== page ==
Incontinence refers to your dog’s inability to hold his bladder. In some cases, your adult dog might void his bladder when he is asleep. At the same time, your dog might also accidentally defecate in the house. It could be a result of a weak sphincter. We can, therefore, say that medical reasons cause incontinence.

For instance, if your dog is peeing just about anywhere, even potty trained, it could be that he is suffering from a urinary tract infection (UTI). It would help if you took him to the vet for a check-up to correct that illness.

It is also common for a dog to suffer incontinence after a spay surgery due to hormone-related issues. You should always get your dog to the vet care center if your dog suddenly starts soiling the house.

The vet can determine if he is suffering from any illnesses and thus offer treatment as diagnosed.

It could be age-related incontinence if you have trouble with an older dog. Older dogs suffering from senility may soil the house on different occasions. Dogs with dementia might end up polluting the house as well.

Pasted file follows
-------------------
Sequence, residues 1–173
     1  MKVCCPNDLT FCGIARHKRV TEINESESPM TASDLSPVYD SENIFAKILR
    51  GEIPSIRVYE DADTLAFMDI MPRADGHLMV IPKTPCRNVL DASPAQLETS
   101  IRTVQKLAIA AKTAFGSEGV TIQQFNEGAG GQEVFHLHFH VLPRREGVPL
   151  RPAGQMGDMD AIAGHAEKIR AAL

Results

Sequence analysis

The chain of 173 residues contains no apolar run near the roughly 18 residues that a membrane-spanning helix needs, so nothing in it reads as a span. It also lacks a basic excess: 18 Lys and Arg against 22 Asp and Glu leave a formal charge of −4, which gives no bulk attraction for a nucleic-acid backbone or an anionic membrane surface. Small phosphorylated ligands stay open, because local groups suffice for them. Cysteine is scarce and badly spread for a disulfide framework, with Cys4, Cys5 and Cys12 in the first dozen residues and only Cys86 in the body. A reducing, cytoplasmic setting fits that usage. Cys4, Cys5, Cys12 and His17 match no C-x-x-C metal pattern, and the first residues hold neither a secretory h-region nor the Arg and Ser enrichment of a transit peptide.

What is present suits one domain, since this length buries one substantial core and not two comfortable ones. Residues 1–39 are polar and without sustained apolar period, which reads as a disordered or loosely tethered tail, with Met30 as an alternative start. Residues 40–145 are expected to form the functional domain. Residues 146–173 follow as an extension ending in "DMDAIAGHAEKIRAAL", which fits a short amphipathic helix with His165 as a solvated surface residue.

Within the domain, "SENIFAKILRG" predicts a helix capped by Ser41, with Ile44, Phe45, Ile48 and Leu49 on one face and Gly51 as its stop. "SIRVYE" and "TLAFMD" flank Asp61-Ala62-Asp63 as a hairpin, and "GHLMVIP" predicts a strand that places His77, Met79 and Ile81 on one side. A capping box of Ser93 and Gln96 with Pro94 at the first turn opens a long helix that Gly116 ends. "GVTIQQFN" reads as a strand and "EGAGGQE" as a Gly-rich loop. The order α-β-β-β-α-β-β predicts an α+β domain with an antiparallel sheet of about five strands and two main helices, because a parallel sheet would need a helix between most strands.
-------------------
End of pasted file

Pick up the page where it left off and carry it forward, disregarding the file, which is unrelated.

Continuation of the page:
Lack of toilet training at a younger age

 

Some dogs will soil the house because they have never been toilet trained before. It could be that your dog was rescued and has lived in a shelter since then. Now, you have a task to introduce your dog to potty training as soon as possible. Note that it will take some time, but you can toilet train your older dog with persistence and consistency.

Dogs who have lived in kennels or outdoors may also have this problem. Also, those half-toilet-trained dogs may start soiling the house just after a few days. This means that you will have to retrain your dog all over again.